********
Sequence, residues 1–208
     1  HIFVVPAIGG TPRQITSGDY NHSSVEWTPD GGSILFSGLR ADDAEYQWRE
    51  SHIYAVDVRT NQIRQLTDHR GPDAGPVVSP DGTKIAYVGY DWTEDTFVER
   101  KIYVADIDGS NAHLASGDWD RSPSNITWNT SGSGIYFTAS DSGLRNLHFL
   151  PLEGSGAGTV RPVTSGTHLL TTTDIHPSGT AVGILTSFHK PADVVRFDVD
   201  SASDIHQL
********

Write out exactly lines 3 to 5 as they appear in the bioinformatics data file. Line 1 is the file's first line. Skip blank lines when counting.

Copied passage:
    51  SHIYAVDVRT NQIRQLTDHR GPDAGPVVSP DGTKIAYVGY DWTEDTFVER
   101  KIYVADIDGS NAHLASGDWD RSPSNITWNT SGSGIYFTAS DSGLRNLHFL
   151  PLEGSGAGTV RPVTSGTHLL TTTDIHPSGT AVGILTSFHK PADVVRFDVD